A compressor station is a facility which helps the transportation process of natural gas from one location to another. Natural gas, while being transported through a gas pipeline, needs to be constantly pressurized at intervals of 40 to 100 miles. Siting is dependent on terrain, and the number of gas wells in the vicinity. Frequent elevation changes and a greater number of gas wells will require more compressor stations. The gas in compressor stations is normally pressurized by special turbines, motors and engines.
The compressor station, also called a pumping station, is the “engine” that powers an interstate natural gas pipeline. As the name implies, the compressor station compresses the natural gas (increasing its pressure) thereby providing energy to move the gas through the pipeline.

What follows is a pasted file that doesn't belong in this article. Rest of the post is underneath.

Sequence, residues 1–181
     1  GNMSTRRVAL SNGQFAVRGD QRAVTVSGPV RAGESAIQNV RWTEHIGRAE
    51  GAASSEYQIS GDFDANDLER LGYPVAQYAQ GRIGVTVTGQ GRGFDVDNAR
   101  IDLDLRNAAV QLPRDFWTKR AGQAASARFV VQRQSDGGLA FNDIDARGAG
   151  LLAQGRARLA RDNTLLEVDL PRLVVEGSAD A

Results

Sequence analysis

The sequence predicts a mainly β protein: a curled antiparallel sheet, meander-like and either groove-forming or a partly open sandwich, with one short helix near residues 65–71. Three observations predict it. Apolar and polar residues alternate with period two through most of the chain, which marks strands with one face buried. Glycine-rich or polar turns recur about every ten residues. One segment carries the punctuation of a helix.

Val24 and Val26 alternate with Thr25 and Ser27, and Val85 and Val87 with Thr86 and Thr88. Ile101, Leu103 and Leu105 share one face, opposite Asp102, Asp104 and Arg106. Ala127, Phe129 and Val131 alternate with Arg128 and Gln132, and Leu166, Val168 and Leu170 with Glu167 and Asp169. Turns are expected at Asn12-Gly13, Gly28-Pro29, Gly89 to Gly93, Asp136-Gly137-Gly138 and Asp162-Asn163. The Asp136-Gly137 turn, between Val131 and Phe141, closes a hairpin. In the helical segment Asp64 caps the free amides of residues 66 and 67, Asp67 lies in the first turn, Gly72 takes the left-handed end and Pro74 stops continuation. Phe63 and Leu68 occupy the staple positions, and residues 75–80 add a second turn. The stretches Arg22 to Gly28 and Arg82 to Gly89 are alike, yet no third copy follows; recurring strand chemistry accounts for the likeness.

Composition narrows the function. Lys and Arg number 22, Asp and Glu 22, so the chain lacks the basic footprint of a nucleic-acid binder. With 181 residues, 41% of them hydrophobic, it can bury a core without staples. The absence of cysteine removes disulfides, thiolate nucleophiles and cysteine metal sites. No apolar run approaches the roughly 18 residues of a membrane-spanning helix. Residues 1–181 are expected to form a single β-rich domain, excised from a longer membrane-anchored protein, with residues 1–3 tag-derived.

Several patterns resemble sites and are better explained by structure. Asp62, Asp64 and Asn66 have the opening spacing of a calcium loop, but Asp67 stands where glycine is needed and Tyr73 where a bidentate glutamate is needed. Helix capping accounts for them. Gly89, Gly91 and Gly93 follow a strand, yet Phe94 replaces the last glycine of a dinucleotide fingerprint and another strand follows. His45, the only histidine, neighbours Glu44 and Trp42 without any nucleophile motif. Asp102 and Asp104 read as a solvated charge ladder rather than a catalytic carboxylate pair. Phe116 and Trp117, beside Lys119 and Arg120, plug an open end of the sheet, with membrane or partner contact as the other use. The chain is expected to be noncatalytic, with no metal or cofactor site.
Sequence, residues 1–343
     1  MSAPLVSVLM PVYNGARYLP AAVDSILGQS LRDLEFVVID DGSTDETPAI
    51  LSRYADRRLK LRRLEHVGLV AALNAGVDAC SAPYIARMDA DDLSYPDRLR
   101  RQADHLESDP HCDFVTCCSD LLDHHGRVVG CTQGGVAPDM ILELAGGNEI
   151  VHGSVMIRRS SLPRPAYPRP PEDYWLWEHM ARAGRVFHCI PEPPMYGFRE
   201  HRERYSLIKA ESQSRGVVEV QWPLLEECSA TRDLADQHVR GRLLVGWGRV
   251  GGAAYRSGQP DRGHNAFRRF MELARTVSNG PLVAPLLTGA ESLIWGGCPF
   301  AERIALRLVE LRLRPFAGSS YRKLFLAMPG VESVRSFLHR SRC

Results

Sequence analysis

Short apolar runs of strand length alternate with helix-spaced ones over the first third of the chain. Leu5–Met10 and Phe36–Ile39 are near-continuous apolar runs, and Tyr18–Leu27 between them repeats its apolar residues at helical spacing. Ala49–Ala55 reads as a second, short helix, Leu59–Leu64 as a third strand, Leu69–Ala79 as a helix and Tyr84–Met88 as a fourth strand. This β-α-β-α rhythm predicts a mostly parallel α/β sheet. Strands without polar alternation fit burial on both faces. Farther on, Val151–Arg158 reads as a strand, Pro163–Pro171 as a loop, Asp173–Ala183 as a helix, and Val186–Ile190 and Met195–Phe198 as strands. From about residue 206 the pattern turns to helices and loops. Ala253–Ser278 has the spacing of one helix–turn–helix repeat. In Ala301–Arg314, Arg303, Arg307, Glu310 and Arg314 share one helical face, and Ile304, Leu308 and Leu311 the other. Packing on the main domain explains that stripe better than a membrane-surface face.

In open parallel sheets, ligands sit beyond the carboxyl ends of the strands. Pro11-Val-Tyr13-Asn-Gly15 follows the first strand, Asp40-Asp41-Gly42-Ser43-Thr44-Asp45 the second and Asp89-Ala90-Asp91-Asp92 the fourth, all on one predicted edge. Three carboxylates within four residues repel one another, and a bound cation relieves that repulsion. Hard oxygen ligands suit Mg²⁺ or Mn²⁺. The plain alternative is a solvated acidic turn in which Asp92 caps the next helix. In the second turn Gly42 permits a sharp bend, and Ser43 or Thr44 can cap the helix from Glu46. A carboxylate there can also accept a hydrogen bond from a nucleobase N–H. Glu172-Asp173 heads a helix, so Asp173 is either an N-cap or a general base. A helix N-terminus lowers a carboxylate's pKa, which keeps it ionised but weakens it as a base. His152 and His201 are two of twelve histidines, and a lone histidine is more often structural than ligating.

Pipeline companies install compressor stations along a pipeline route. The size of the station and the number of compressors (pumps) varies, based on the diameter of the pipe and the volume of gas to be moved. Nevertheless, the basic components of a station are similar.